Both bills fit in with the GOP's ongoing attempt to rein in federal rules that they say are hurting domestic energy development and job creation. Republicans have approved numerous deregulation bills over the course of the 112th Congress, all of which say would help create jobs.
The Congressional Replacement of President Obama's Energy-Restricting and Job-Limiting Offshore Drilling Plan, H.R. 6082, would replace the administration's oil and gas leasing plan, which puts new offshore lease sales off limits for five years. The bill would also require additional lease sales off Alaska's coast beyond those in Obama's current plan.
The Red Tape Reduction and Small Business Job Creation Act, H.R. 4078, would not only prevent major rules until unemployment falls, but it would also prevent President Obama from issuing last minute regulations if he loses the November election.
The White House has threatened to veto both bills, but regardless, the Senate is expected to ignore them completely.
During debate, Rep. Alcee Hastings (D-Fla.) argued that the "red tape" bill would effectively shut down major regulations indefinitely, since it's unclear when unemployment might fall to 6 percent.
"Under this legislation, federal agencies would be prohibited from issuing new regulations until the unemployment rate falls below 6 percent, and I defy any economist or anybody else in the world to tell me when that's going to be, in an economy such as the one that we have," he said.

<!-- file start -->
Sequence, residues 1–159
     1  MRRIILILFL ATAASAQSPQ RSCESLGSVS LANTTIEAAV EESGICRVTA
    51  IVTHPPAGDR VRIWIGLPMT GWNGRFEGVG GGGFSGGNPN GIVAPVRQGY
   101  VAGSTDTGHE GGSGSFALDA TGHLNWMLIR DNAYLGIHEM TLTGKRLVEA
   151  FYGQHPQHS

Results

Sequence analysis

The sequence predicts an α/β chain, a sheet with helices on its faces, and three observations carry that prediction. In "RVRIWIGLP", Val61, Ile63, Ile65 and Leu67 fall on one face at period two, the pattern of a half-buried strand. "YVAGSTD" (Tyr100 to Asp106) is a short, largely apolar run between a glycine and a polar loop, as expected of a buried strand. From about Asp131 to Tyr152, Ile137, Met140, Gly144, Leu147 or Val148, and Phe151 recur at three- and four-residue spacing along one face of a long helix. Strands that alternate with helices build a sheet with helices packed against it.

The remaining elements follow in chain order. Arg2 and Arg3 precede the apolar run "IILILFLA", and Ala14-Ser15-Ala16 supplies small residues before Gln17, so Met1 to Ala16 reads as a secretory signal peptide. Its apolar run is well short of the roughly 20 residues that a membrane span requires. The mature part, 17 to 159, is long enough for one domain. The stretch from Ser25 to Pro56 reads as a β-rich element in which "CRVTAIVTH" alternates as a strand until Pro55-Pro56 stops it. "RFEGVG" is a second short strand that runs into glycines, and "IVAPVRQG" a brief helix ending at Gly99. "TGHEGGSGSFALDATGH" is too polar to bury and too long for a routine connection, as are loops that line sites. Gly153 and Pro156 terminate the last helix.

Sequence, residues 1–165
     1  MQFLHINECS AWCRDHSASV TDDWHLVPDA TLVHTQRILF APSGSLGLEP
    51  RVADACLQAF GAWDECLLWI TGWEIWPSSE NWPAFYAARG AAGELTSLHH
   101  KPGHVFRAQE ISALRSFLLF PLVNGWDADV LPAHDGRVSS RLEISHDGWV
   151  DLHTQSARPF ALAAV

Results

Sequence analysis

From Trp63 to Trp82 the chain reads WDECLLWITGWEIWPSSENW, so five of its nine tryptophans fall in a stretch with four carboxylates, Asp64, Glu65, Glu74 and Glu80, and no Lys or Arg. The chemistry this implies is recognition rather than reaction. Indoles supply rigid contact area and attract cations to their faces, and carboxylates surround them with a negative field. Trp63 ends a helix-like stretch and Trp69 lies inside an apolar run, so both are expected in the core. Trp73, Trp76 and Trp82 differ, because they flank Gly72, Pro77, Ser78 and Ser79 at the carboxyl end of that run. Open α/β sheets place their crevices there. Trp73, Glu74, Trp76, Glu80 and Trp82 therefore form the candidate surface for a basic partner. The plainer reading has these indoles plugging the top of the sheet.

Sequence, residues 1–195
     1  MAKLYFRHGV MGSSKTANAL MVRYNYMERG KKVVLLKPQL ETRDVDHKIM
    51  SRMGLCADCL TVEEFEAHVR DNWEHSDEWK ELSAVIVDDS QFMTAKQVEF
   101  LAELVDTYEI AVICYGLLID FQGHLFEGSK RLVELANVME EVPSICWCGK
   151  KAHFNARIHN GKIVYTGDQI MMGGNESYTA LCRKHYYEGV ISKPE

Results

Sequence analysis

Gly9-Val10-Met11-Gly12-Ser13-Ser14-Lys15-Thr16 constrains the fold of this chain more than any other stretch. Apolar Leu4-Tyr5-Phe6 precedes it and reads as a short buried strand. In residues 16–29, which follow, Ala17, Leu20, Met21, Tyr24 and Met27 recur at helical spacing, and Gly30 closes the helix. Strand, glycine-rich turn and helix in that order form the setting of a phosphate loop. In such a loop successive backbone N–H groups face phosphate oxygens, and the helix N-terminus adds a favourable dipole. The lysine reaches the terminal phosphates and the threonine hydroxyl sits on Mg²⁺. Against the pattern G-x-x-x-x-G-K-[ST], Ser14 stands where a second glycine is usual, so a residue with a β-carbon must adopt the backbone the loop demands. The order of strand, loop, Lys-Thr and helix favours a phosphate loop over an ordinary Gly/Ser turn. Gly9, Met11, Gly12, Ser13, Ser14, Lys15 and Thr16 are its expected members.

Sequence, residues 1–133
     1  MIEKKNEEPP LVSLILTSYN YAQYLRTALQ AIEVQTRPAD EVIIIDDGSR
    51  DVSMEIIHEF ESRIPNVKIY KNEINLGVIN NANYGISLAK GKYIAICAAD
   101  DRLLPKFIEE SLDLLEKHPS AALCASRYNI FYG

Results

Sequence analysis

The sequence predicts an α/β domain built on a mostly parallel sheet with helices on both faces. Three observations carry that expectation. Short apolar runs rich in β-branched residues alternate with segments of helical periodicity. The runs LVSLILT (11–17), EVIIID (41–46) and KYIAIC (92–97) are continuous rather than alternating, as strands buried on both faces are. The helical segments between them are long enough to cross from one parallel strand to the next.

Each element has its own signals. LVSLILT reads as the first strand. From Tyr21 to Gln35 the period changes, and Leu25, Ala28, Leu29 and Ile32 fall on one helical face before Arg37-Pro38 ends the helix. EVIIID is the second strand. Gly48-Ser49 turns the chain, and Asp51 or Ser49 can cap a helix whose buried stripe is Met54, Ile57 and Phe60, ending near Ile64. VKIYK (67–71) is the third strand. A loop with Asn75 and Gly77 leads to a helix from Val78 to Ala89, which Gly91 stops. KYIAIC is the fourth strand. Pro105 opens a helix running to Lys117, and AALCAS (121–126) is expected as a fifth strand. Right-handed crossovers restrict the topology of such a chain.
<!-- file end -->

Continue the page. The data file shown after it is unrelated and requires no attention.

Rep. John Yarmuth (D-Ky.) called on House members to oppose the rule because Republicans will not allow consideration of his amendment that would allow regulations to go forward if they help U.S. service members and veterans.
"Most legislation has unanticipated consequences," he said. "This legislation has a consequence that is easily anticipated, and that is that we will be tying the hands of the agencies that serve our brave men and women in the armed services."
Rep. Virginia Foxx (R-N.C.) said his amendment was ruled non-germane by the House Parliamentarian, and thus could not be considered.
Just before the vote on the rule, Democrats tried a procedural move to bring up a bill prohibiting Congress from recessing until it has passed a middle-class tax relief bill. But this motion failed in a party line vote, as they always do.
After the vote, the House planned to begin work on the drilling bill, H.R. 6082, but was expected to hold a final vote on that bill Wednesday.